Of course, no one can yet can answer or decide which horizons will afford answers in the emergent project. Likely the best we can do is revert to our own instincts. No doubt, each of us has the ability to turn toward our inner space and ask, in all honest, if we believe that our future challenges can be solved by way of an idolization of objects such as the globalhumanity. In taking up such an exercise, we should be mindful that these universals are spoken to from a spirit which stands in conflict with a formidable opponent — the very nature of language. After all, language is that which defines by division — by drawing a circle around phenomena in order to have what is from what is not. Therefore, it should be no surprise that these objects the global, humanity often produce discomfort. And, after all, this is a very founded and healthy response. Humanity is not some epistemic story which we can force down upon each other, one which can be had by ignoring all that makes social life interesting — the possibility of encountering the exotic. Oneness is an ontological condition. It is this condition which provides for the disclosure of not only a you, but a me, and the very world itself. The ‘discovery’ of any one is conditioned by that primordial discourse with nature, that wheeling and dealing with nature. This nature includes not only the earth’s elements, but also every phenomenon to which we later attribute consciousness — whether that be animal, man, or machine. The evidence of such pre-intellectual conditioning is the appearance of the very world itself, as it is articulated in each moment of disclosure — since without it, no common activity could be made to effectively contend with it. In as much, we understand our innate disgust for the intellectual story of humanity— from Hegel to the Scandinavian metamodernists. But to give that disgust a more articulate description, we might say that any epistemic story of humanity is only a distraction — one which is overly patronizing. In as much, this story only obscures action toward the real and interesting.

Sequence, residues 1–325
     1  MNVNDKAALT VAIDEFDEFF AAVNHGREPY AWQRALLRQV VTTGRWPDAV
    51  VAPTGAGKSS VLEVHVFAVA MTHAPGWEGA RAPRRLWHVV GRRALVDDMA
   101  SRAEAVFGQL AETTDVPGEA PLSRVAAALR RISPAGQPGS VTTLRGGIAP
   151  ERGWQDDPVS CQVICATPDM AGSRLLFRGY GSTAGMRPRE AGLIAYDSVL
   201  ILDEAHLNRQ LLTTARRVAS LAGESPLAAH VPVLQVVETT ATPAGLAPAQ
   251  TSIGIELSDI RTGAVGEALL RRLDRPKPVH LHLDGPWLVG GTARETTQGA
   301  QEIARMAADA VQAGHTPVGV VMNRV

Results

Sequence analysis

If we can entertain the idea that an idolization of globalization obstructs future modernization, by way of the impotent anxieties following objects such as the global or humanity, then we must also admit that the Scandinavians are not so much wrong in their historicizing, as they are simply bad role models. However, for those who may be on the fence, perhaps on account of the global existential crises of climate change, we can revert to a book written in 1970 — a quite biblical text by E. F. Schumacher, Small is Beautiful. To this day, it remains relevant not only for answering commodification and market economy, but also for addressing the symptoms of industrialization generally. At the height of its influence, this book became a cornerstone of Green Movement literature. There can be no doubt, laying behind the printed words of that text we read of a spirit championing for a complete reversal of episteme. In as much, this article series, How to Nurture Truth and Authenticity, could correctly be billed as something of a sequel — one which is now fifty years overdue. Therefore, it is only fitting that the second half of this work be introduced by repeating a few passages — ones which should be kept in mind as we come closer to prescriptions for economic reform,

“…Instead of overcoming the ‘world’ by moving towards salientness, man tries to overcome it by gaining preeminent wealth, power, science, or indeed any imaginable ‘sport’…He is driven to build up a monster economy and to seek fantastic satisfaction, like landing on the moon…This economy of giantism is a left-over of nineteenth-century conditions and nineteenth-century thinking and it is totally incapable of solving any of the real problems of today.”